15th October 2010, Volume 123 Number 1324

Nora Lynch, Rod Ellis Pegler

Chikungunya, a febrile arthritic illness caused by a mosquito-borne Alpha virus, is endemic in sub-Saharan Africa, South East Asia, and islands of the Indian Ocean.

Case report

A previously well 40-year-old woman developed a 40 degree C fever with pain in her knees, ankles, shoulders, fingers and toes while staying in a resort in Phuket , Thailand in July 2009. Seven days into the illness, a red macular eruption developed over the face, body and limbs, including palms and soles. The fever resolved after 3 days and the rash faded after a week. In the first week of illness, CRP was 20 mg/L and neutrophils were reduced at 1.64×109/L. ANA, rheumatoid factor, blood cultures and serology for dengue fever were all negative.
Her joint pains continued after her return home. She developed worsening of pre-existing carpel tunnel syndrome in her right hand and underwent median nerve decompression in September. She presented for rheumatology assessment in October with persisting joint pains and prolonged morning joint stiffness. Her mother had rheumatoid arthritis.
Examination revealed mild synovitis across MTP, some MCP and PIP joints and the R. wrist joint. There was pain on movement of the left shoulder and both subtalar joints. Both plantar fascia insertions were tender. Peeling on her soles was a residuum from the rash.
Investigations showed CRP 9 mg/L, normal blood count and negative cyclic citrullinated peptide antibodies. X-rays of hands and feet were normal. She had positive anti-Chikungunya virus IgM and IgG antibodies at a titre of 1:640. Ross River IgG was detected at low titre; IgM was negative.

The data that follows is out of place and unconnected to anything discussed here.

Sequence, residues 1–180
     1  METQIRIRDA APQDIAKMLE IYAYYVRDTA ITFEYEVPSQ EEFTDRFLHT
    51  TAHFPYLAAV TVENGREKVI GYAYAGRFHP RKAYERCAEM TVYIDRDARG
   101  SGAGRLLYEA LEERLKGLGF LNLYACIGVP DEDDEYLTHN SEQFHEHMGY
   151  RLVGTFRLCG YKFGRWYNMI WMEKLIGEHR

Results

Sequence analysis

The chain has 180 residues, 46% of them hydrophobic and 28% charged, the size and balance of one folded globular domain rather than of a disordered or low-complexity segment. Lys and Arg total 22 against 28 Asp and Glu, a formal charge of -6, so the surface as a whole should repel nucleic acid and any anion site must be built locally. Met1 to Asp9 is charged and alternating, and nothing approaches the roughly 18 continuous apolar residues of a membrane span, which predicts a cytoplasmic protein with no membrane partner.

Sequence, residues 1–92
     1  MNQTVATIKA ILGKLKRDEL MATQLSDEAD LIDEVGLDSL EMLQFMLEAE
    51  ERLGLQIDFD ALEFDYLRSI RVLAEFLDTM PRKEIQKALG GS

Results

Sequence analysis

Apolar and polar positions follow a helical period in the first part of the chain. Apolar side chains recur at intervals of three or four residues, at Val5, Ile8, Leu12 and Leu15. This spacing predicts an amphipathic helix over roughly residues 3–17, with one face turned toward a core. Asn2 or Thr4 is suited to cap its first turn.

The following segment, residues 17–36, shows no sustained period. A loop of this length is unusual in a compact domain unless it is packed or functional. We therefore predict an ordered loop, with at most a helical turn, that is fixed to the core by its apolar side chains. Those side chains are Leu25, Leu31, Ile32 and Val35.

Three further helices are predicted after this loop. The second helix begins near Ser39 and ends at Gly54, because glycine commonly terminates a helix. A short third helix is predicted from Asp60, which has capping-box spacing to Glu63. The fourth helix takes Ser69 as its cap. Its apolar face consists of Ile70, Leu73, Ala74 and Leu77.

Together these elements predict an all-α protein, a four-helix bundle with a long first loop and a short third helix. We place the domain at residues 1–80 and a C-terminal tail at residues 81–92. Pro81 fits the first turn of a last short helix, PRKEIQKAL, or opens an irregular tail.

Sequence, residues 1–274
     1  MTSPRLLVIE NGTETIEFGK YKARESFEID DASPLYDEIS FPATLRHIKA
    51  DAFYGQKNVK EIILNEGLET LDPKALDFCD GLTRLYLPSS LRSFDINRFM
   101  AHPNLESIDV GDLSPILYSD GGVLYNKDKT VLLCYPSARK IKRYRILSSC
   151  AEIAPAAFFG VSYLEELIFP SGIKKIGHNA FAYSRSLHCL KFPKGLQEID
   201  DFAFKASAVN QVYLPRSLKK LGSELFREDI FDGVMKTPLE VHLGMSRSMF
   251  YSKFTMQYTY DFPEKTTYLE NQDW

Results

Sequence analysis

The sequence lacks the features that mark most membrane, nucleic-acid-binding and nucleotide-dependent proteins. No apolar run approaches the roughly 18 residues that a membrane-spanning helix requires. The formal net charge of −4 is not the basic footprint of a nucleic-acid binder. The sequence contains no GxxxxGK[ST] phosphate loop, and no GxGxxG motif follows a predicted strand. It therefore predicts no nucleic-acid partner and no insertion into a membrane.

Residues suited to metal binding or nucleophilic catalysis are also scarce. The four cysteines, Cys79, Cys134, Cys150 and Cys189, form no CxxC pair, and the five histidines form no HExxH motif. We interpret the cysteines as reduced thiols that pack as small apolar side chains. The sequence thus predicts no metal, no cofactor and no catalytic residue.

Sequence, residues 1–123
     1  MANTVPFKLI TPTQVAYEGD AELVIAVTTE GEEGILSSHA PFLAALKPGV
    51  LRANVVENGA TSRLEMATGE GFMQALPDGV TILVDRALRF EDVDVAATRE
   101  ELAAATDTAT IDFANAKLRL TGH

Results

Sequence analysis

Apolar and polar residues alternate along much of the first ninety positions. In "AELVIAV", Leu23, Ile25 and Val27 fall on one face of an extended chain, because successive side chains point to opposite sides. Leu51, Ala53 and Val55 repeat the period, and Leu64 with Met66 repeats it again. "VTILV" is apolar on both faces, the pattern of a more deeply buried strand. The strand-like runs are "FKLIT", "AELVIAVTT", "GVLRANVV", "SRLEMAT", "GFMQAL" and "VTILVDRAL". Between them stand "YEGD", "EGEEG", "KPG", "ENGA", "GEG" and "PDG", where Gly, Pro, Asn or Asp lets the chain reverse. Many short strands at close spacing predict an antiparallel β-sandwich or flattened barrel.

She was managed with naproxen 1gm daily and slowly improved. Eight months after initial infection, she stopped anti-inflammatory medication and had only mild residual MTP arthralgia.

Discussion

Chikungunya (CHIK V)—from the language of the African Makonde people meaning ‘that which bends up’—was first described in a male Tanzanian in 1953.1 Infection has since been reported extensively through South East Asia (Indonesia, Thailand, Vietnam , Singapore, India, Sri Lanka, Taiwan, Myanmar, Cameroon, Phillipines and Malaysia ) as well as islands of the Indian Ocean.2
Infection typically presents within 48 hours of a mosquito bite with abrupt onset of fever, chills, headache, muscle and joint pain with or without swelling .An erythematous skin eruption may appear towards the end of the first week. Involvement of major organ systems including heart and brain occurs infrequently.3 The febrile viraemic phase of the illness resolves within 3–7 days. Joint symptoms are usually brief but prolonged arthritis/arthralgia lasting up to 18 months has been reported in 10–20% of cases.4–6 Distribution is usually symmetric involving small more than large joints. Tenosynovitis causing carpel tunnel syndrome and lower limb enthesitis have been reported.7
Diagnosis is serological. Specific IgM antibodies appear by 5–7 days from onset of illness followed closely by IgG antibodies.9 Serologic testing for CHIK V is not available in New Zealand and samples are forwarded to an Australian reference laboratory.
Treatment is symptomatic. Neither antiviral nor disease-modifying drugs have a proven place.8,9 Prevention requires use of effective insect repellent and covering of the skin.Aedes mosquito vectors feed during the day as well as at twilight.